Hawaii Part One: Maui’s Burgeoning Art Scene

After years of hearing about the art scene on Maui through my many friends who’ve migrated there from the Mainland, I finally made the trip out to Maui from San Francisco this weekend to check things out for myself.

Public Art in Maui: Ku'au Market Mural by Lanikila

I arrived Saturday into Kahalui airport and my dear friend and our resident Media Mecca decor diva, Fruit Loop, picked me up in her teal-colored hoopty and took me on a tour of this lush and laid back island oasis. I quickly found myself immersed not only in Maui’s beautiful environs but also in a vibrant, artistic, and highly driven group of Burners and creative spirits. As I explored Maui from Fruit Loop’s point of view, I discovered that with some focus and determination, artists can find a wealth of opportunities to pursue their passions and make a decent living in this tropical paradise.

Creative Inspiration: Maui's Big Beach

Maui is a hub for international tourists, many of whom are enticed there by the artistic expression of the artists who call the island home. Art collectors are drawn to the tropical motifs, ancient symbolism and bright colors that they find in Maui’s public murals and inside her many galleries. If you were to hang out in a cafe in Paia or Hana, you might even spot a celebrity. In her short eight months working at Cafe des Amis in Paia, Fruit Loop has waited on Woody Harrelson, Paris Hilton, Pink and Flea. With such a constant influx of art lovers and high rollers, Maui is an appealing place to try to make an earnest go of it as an artist.

Burners and artists on Maui have pooled resources to create spaces to display their work to the wider world. Like the Brewery in Los Angeles or American Steel in Oakland, the Pauwela Cannery in Haiku has been converted by local artists from a manufacturing center into a series of artsty storefronts and studios. Fruit Loop recently signed a lease for her first storefront which she will soon be turning into a visionary art gallery. Getting your foot in the door is one thing but in order to thrive on Maui, Fruit Loop says, you have to be highly focused. “Everyone who comes here to be an artist was successful in their hometown. It’s tough. You have to constantly stay motivated if you want to make it work.”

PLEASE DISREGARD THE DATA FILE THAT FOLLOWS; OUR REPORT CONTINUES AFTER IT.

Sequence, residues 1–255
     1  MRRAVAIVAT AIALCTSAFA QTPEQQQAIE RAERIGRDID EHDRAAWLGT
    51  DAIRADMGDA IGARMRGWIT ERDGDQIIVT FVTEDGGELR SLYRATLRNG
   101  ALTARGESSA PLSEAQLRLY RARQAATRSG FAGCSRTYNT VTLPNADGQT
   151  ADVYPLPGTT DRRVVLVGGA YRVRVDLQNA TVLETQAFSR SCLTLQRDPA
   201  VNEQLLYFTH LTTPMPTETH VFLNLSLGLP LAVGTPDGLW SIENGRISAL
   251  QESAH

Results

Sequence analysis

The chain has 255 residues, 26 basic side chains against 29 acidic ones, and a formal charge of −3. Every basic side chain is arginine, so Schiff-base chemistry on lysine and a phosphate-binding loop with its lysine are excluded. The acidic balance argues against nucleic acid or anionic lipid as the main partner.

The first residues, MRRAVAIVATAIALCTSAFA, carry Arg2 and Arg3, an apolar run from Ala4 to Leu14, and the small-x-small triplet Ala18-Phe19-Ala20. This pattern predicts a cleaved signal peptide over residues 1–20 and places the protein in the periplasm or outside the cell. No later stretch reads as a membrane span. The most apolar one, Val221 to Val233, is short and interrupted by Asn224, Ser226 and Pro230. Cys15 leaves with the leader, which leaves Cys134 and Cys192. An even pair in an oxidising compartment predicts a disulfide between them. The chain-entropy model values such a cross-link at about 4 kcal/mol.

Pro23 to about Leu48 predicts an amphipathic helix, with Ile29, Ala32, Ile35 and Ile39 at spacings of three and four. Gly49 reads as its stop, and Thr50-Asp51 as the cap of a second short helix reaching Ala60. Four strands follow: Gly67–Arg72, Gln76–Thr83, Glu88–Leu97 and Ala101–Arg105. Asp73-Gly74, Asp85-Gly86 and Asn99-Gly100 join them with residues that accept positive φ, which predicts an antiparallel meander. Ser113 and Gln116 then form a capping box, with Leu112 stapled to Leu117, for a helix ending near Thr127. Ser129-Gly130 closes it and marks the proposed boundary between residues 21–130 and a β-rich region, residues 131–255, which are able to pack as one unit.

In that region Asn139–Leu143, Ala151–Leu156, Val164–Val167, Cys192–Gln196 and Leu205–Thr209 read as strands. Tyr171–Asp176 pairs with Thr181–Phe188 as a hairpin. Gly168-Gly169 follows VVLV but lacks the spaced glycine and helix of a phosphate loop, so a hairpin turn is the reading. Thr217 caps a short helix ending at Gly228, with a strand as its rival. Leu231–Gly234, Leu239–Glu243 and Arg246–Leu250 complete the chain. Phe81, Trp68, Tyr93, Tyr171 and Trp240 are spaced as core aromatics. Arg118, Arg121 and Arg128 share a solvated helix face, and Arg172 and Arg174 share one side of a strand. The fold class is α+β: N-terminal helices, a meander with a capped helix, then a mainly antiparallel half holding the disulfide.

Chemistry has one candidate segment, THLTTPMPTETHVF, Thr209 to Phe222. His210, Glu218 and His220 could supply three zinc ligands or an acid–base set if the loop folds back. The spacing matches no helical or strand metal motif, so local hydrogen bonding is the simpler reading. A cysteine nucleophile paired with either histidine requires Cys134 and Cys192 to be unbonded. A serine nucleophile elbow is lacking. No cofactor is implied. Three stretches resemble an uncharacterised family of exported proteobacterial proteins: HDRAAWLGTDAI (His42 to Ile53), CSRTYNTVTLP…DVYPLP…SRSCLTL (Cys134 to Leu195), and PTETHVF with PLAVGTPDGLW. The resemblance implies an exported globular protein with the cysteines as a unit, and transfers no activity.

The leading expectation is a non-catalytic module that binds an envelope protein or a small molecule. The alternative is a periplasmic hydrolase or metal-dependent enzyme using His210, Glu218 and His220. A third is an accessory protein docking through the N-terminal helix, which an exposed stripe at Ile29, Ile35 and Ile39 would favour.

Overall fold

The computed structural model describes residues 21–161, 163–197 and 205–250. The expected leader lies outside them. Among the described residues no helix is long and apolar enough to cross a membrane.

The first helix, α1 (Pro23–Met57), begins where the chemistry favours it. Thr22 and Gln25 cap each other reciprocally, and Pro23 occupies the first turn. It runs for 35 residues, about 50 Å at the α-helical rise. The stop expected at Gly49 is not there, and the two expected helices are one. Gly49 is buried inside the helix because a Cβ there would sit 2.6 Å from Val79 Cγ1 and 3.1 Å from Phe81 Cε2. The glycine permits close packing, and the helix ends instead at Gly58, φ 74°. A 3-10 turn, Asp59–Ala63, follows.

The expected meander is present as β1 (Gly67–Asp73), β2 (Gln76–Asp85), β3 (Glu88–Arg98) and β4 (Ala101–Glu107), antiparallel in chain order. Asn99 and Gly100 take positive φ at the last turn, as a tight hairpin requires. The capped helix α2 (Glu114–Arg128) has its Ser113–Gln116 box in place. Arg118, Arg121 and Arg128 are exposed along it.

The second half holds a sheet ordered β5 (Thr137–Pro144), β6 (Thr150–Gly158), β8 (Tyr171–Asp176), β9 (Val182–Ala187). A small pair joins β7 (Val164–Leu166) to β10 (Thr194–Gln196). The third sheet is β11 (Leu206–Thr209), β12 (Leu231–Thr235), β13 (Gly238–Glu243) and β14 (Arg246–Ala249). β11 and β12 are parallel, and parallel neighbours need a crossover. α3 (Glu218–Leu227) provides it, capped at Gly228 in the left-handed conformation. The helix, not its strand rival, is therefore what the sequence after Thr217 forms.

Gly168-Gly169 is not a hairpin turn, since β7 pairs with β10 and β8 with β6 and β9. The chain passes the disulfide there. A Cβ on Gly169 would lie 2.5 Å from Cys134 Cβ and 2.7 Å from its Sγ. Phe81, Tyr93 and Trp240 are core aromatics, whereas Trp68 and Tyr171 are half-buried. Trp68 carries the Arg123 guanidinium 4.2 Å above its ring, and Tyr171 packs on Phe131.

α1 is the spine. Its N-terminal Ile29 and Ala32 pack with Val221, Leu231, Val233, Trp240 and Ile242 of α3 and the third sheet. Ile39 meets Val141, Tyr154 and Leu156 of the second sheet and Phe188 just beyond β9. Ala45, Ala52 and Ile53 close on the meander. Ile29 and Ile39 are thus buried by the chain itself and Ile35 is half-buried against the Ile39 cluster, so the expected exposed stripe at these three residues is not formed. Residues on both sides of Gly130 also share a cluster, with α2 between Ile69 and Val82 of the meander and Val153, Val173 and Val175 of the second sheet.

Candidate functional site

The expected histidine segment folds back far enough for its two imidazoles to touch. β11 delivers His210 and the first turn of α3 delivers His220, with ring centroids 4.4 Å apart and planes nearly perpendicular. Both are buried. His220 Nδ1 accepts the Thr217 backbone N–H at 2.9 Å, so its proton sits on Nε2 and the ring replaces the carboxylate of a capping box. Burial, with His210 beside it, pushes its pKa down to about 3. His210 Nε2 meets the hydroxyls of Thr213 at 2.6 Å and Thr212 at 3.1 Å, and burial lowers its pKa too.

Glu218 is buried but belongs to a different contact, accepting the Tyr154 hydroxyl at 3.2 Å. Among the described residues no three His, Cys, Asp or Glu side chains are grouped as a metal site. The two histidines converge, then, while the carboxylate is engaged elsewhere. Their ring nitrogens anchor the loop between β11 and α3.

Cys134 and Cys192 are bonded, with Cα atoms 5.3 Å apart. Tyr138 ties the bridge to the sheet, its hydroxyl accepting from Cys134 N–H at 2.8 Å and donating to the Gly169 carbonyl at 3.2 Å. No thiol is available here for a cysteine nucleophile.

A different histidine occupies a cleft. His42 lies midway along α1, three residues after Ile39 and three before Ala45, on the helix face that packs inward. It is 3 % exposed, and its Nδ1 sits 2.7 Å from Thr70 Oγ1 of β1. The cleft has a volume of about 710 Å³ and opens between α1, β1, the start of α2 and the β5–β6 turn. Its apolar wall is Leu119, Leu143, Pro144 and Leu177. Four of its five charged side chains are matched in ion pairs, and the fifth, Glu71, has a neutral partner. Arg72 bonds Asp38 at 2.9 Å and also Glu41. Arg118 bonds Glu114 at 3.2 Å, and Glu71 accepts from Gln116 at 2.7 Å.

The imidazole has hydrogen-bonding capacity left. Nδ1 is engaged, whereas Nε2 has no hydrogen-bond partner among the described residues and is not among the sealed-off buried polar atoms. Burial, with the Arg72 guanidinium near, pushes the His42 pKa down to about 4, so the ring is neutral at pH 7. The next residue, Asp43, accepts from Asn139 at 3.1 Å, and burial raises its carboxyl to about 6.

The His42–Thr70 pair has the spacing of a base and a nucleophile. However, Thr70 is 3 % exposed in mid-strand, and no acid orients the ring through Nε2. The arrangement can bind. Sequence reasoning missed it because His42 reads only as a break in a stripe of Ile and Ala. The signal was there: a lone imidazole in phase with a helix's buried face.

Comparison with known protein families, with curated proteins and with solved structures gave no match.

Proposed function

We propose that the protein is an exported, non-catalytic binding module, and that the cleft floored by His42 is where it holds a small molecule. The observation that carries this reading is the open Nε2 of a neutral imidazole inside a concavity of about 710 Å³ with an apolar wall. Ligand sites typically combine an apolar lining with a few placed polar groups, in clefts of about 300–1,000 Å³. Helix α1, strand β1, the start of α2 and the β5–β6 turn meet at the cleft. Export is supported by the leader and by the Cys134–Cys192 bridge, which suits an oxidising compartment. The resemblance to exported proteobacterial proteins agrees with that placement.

Vibrant artwork at "Maui Open Studios"

One goal of Fruit Loop’s is to have her storefront included in the next Maui Open Studios.The first annual Maui Open Studios took place this month and I was fortunate enough to catch the tail end of it this weekend. Yesterday, we visited a series of studios where artists were displaying everything from beautiful fabric paintings, to stained glass, to sculptures. Sarah, one of the artists at the Pauwela Cannery, told us she had four possible sales on the horizon after yesterday’s  “Open Studios.” By having her act together enough to open her studio doors to the public this weekend, Sarah found doors opening up for her. Sarah’s story is proof that for the motivated artist, opportunities abound on Maui.
“It’s exciting,” says Fruit Loop. “I finally feel like I am able to fully be a professional artist.” I for one can’t wait to see the “Open” sign on Fruit Loop’s studio door.

About the author: Meg Rutigliano

Meghan "Megs" Rutigliano has been burning since 2005. She is currently the full-time Regional Network and Media Relations Coordinator for the Burning Man Project. Meghan is co-anchor of an independent radio show called Shouting Fire News (www.shoutingfire.org) and works on playa at Media Mecca. Meghan is addicted to traveling and performing and is a seasoned singer, actress, and voice over personality. Meghan will be exploring the art, events and culture of various regional Burning Man communities in her blog posts.

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